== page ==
Of ethics and copying and the breakdown of rules

Have you noticed the new ads for NetZero? They’re a carbon copy of the recent AOL “customers” campaign that AOL used to tell its users that they’re listening to what the customers are telling them (right). Netzero hired the same actors, used the same sets, and shot-for-shot re-did the campaign, only this time telling AOL customers that NetZero is the same for less money. It’s quite a hilarious spoof. Adrants’ Steve Hall adds…

It’s both a smart and questionable strategy. Leveraging AOL’s much larger media budget, NetZero hopes to broaden awareness of its own campaign by association. But, many viewers may simply confuse the two spots not realizing who the advertiser is or simply remember AOL because it is more ubiquitous. It’s very funny though, but the proof will be in the number of $9.95 sign ups NetZero gets.
So now an advertiser can copy a competitor’s creative (down to the edit). Which will be nominated for the Addy award, the original or the spoof? All’s fair on TV.

Just ask Peggy Phillip, news director of WMC-TV in Memphis. When her competitor promoted a sweeps’ series about crime statistics by zipcode, she decided to copy it. Each day, the competitor announced what zipcode they’d be studying the next day. Peggy dispatched a crew at that point to do identical stories.

“It’s called muddying the waters,” she told the local paper. “If you think somebody’s got something good, or something that might resonate, you try to take it away, or muddy the waters so people don’t remember where they saw it.”
Peggy’s logic is terribly smart, because news images and brands are largely based on recollection. Why let a competitor get away with it, if you can do something about it? So-called “blocking moves” occur every day in competitive business environments. They’re just more visible on TV.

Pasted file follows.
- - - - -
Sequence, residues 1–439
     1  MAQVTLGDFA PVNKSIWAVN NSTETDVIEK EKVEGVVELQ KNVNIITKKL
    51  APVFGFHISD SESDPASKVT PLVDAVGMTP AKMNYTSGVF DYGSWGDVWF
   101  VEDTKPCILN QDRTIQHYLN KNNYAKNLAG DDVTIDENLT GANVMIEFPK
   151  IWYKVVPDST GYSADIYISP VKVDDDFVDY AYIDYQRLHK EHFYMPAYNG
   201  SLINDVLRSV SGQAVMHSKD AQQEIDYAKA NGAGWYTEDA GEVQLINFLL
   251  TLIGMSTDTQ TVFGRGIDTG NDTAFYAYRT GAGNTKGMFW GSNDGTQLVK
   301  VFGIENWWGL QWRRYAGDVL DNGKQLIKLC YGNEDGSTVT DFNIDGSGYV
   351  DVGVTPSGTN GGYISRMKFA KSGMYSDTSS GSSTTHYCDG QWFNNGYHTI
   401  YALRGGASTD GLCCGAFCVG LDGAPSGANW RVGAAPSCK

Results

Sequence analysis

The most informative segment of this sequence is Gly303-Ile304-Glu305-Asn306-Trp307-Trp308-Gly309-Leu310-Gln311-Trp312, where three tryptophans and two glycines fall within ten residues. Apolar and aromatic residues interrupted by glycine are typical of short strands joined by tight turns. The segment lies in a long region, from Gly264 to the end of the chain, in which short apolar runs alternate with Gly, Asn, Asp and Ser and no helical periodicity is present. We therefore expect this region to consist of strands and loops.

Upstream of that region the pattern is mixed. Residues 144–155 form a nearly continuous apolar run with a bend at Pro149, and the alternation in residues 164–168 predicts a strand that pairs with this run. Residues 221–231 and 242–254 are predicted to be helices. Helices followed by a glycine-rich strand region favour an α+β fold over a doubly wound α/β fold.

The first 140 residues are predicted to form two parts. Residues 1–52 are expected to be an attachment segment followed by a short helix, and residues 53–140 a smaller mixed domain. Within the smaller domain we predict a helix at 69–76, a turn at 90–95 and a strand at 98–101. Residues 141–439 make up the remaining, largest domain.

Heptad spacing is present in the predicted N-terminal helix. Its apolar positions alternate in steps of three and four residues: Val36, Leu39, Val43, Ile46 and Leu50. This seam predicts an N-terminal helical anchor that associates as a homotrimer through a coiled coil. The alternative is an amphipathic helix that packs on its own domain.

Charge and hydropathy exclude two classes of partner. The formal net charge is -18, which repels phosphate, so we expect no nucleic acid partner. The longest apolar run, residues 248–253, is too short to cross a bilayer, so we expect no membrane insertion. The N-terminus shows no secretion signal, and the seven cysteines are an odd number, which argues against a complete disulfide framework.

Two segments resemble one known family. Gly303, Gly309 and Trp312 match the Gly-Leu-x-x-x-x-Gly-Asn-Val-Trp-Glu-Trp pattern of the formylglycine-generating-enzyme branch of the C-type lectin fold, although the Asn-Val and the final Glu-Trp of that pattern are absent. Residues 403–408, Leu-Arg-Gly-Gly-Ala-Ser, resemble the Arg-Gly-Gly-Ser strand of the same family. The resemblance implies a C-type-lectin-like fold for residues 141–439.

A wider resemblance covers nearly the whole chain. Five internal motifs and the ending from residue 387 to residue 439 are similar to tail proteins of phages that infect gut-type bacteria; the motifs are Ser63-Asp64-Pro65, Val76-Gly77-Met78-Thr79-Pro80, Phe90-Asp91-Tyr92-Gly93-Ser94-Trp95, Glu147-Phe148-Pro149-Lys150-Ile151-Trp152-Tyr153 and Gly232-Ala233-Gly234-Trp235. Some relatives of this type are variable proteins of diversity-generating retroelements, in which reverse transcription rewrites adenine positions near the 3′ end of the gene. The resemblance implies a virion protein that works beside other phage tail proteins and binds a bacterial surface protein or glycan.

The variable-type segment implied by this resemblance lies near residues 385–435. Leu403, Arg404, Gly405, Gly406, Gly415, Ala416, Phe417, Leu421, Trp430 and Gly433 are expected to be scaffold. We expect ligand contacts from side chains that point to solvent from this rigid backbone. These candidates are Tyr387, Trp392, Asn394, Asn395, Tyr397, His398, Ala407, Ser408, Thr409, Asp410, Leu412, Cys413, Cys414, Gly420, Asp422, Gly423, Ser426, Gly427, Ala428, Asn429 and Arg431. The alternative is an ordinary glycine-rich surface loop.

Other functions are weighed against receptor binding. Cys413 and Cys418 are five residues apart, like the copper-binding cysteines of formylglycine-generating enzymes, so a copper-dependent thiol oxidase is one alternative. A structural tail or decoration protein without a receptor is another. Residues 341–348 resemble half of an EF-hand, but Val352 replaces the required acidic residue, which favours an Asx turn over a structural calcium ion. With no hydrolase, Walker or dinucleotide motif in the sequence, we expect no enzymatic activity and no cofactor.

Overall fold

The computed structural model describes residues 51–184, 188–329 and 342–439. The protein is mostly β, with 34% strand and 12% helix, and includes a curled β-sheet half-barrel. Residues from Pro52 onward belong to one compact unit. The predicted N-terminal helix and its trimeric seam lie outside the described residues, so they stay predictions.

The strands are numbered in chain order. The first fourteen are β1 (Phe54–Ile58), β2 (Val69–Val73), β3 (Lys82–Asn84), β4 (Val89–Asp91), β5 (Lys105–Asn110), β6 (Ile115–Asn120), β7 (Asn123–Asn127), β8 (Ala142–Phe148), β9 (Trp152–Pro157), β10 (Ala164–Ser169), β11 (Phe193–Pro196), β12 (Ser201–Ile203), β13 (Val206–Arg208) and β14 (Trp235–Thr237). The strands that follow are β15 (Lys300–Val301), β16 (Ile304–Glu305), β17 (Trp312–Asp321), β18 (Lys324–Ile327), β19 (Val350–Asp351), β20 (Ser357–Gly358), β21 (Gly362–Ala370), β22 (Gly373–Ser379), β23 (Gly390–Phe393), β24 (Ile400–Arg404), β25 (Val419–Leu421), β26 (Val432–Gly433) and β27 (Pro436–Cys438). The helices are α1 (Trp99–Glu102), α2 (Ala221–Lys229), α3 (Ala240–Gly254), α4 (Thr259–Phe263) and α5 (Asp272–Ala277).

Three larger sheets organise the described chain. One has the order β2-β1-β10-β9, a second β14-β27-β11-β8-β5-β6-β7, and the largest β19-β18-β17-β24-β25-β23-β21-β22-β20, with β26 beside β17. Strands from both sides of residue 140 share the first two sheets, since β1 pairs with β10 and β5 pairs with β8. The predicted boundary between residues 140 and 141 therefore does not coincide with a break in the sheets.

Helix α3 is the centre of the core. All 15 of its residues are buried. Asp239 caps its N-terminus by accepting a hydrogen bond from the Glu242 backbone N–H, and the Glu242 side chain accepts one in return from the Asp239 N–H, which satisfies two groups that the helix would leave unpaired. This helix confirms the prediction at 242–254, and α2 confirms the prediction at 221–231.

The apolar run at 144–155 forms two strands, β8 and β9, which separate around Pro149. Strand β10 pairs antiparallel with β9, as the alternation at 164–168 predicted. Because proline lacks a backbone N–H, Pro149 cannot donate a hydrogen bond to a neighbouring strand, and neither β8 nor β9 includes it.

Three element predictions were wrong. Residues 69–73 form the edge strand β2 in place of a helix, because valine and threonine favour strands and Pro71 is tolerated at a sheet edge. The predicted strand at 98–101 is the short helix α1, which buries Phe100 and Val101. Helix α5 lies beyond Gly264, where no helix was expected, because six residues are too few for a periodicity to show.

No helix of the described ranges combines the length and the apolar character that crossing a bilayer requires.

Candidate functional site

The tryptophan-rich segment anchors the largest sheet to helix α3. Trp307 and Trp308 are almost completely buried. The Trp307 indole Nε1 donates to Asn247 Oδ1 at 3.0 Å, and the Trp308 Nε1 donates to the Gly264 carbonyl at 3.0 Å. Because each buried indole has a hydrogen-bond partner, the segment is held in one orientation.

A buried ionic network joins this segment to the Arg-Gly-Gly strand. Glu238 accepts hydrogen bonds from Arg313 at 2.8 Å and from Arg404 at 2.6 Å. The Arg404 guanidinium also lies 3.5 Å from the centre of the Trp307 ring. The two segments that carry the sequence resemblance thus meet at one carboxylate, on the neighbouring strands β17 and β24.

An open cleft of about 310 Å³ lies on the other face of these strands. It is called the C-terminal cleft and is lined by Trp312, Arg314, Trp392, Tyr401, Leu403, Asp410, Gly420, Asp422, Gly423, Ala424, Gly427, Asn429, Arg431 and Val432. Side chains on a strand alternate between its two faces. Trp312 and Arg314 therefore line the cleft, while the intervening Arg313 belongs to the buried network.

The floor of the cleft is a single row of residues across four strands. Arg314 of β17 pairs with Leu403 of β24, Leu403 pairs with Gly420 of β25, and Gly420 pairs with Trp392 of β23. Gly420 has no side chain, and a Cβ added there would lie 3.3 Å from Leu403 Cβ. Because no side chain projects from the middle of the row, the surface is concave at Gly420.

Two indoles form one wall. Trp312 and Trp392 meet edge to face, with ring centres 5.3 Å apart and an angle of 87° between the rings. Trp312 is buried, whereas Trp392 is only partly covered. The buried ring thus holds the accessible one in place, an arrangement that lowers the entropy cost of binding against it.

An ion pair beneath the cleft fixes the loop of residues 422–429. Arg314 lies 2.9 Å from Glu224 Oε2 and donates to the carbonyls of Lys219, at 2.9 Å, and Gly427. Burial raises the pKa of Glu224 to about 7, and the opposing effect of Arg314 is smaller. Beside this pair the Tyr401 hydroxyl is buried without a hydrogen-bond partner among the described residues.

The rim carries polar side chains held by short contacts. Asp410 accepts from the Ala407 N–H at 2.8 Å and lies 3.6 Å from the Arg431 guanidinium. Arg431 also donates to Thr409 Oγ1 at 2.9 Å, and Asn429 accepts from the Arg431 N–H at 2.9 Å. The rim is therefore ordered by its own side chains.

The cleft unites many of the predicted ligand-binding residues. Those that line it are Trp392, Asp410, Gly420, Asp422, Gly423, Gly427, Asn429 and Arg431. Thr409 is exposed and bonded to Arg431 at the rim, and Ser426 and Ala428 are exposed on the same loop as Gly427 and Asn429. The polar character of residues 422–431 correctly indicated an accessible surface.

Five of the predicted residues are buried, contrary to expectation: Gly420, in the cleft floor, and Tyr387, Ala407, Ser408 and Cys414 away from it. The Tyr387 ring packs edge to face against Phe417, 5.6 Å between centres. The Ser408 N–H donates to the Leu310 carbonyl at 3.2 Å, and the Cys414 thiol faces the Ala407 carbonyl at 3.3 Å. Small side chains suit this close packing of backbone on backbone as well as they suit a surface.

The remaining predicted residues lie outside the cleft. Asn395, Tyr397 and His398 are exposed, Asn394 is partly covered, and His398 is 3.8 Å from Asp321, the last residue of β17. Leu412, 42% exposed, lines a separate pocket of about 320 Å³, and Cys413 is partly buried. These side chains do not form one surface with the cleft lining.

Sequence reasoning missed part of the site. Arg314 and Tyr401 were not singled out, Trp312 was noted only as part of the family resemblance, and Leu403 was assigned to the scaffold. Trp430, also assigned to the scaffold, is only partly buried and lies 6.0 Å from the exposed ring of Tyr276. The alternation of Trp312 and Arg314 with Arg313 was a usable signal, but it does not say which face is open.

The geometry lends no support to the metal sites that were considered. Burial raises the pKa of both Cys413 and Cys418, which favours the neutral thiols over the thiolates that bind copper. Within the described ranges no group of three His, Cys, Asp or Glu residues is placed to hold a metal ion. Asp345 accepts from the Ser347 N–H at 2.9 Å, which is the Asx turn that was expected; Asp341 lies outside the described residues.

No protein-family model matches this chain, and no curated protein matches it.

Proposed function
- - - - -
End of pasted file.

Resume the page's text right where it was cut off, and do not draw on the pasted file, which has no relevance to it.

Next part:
There are those who are critical of Peggy, and there are those who’ll cry “foul” about NetZero’s hilarious spoofs. “It’s unethical.” “It’s against the rules.”

What ethics? What rules? Those of the AOLs of the world?

We’re at a time in human history where such things are being challenged as never before, and those who are crying the loudest are those who sense their fatted calves being whacked. The energy of Postmodernism flows from the failures of Modernism and its institutions. One of its greatest failures is the promulgation of a vast laziness born of the illusion that there is a time and place when we have it made.

We don’t and we never will. And one of the beauties of Postmodernism is its recognition that that’s okay.

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